Over 1,000 domestic abuse victims helped by new Beacon Safeguarding Hub in Hertfordshire
The Beacon Safeguarding Hub launched in May
More than 1,000 domestic abuse victims have been proactively contacted across Hertfordshire by the new multi-agency team, with over half accessing further help and support.
The Beacon Safeguarding Hub was launched in May as a pilot scheme and it is based at the Domestic Abuse and Safeguarding Unit (DAISU) at Hatfield Police Station.
It was supported and funded by the Office of the Police and Crime Commissioner.
Detective Chief Inspector Ben Wright, who heads up the DAISU, said: “Without a doubt, this unit has been a lifeline for many victims of domestic abuse who may not have contacted police or other support services,” said
“In all likelihood, they would have been exposed to further harm and repeat victimisation.
"The hub was launched during lockdown in May when victims may have been more exposed to controlling and coercive relationships with added pressures of lockdown putting more people at risk of abuse, including emotional and financial abuse.
“The uptake of support has surpassed all expectations and is growing week on week.
"In the region of 125 more Hertfordshire domestic abuse victims are now benefiting from a dedicated, needs-assessed service every month.”
Police and Crime Commissioner David Lloyd said: “This is excellent news that the hub is already making a real positive difference to people’s lives.
"Victims are being given practical help to enable them to escape the abuse, while more offenders are being arrested.
“The Safeguarding Hub is a further expansion of the services offered by our nationally recognised Beacon Victim Care Centre and delivers on the strong commitment in my Community Safety and Criminal Justice plan to improve the support available to victims of crime in Hertfordshire.
“This early success shows there is a need for this service, particularly as we have seen a rise in domestic abuse during the COVID-19 crisis.”
The Beacon Victim Care Centre, launched in 2015, offers support services to all victims of crime in Hertfordshire.
Adding to this service, the new safeguarding hub now triages the majority of reports of domestic abuse to police and proactively contacts victims offering support.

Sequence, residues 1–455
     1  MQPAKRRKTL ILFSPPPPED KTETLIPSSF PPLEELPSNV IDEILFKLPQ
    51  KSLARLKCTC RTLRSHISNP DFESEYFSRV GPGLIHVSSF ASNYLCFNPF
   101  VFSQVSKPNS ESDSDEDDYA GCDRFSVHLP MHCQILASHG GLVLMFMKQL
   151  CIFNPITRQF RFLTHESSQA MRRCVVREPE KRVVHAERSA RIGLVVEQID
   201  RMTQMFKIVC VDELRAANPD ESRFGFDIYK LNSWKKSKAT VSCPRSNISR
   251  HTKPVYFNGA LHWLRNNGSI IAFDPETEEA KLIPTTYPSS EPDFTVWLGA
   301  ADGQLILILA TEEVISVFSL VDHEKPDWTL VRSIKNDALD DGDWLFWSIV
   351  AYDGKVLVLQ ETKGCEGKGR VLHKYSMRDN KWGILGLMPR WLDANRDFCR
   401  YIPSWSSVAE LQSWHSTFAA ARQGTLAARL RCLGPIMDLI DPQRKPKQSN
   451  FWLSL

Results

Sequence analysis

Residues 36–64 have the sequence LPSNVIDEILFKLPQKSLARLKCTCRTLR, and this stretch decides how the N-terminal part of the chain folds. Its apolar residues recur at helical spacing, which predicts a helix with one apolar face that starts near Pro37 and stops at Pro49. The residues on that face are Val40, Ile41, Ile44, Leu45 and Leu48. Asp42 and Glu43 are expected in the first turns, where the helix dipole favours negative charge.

From there victims can be referred to an Independent Domestic Violence Advisor, get advice on injunctions or refuges, or get other practical or emotional support.”
DCI Wright said: “We have already seen some excellent results from the pilot which has helped victims move on and recover from abusive relationships, whilst also reducing risk to the victim and improving attrition rates in prosecutions.
“Our priority is safeguarding victims and although we will do everything we can to get offenders to court, it is not always possible.
"Despite this there are other avenues of support that can be offered to victims that can help change their lives for the better.”
These are some examples of support offered to victims:
- A vulnerable victim was unable to seek help due to the controlling and coercive relationship but thanks to intervention from the hub she and her two children were taken to a place of
safety. She later disclosed that she had been forced to have sex with different men to conceive her second child. Her husband was arrested for coercive and controlling behaviour.
He is currently on police bail and the case is still being investigated.
- A male victim of domestic assault had been living in his car for a week after his partner threw him out of their address. The victim tried to speak to the council to be re-housed however previous attempts made by the victim to be re-housed were unsuccessful. After contacting the hub, he was re-housed the same day. The victim was very grateful for the support and was referred to Mankind.
- A mother of two reported historic assaults by her husband. She was in fear and initially did not support a prosecution because she was financially dependent on him. Her husband was
working from home due to lockdown and the victim felt trapped and was unable to speak with police as he was always present. She was able to arrange a time when it was safe for
her to speak and provided a statement which resulted in her husband’s immediate arrest. He was released without charge, however the victim accepted a referral to Catch 22 for ongoing emotional support and was planning separation from her husband.
Hertfordshire Beacon is staffed by Victim Service Team each day from 8am to 8pm, in addition, Catch22 employees work Monday to Friday 8am to 8pm and Saturday 9am to 5pm.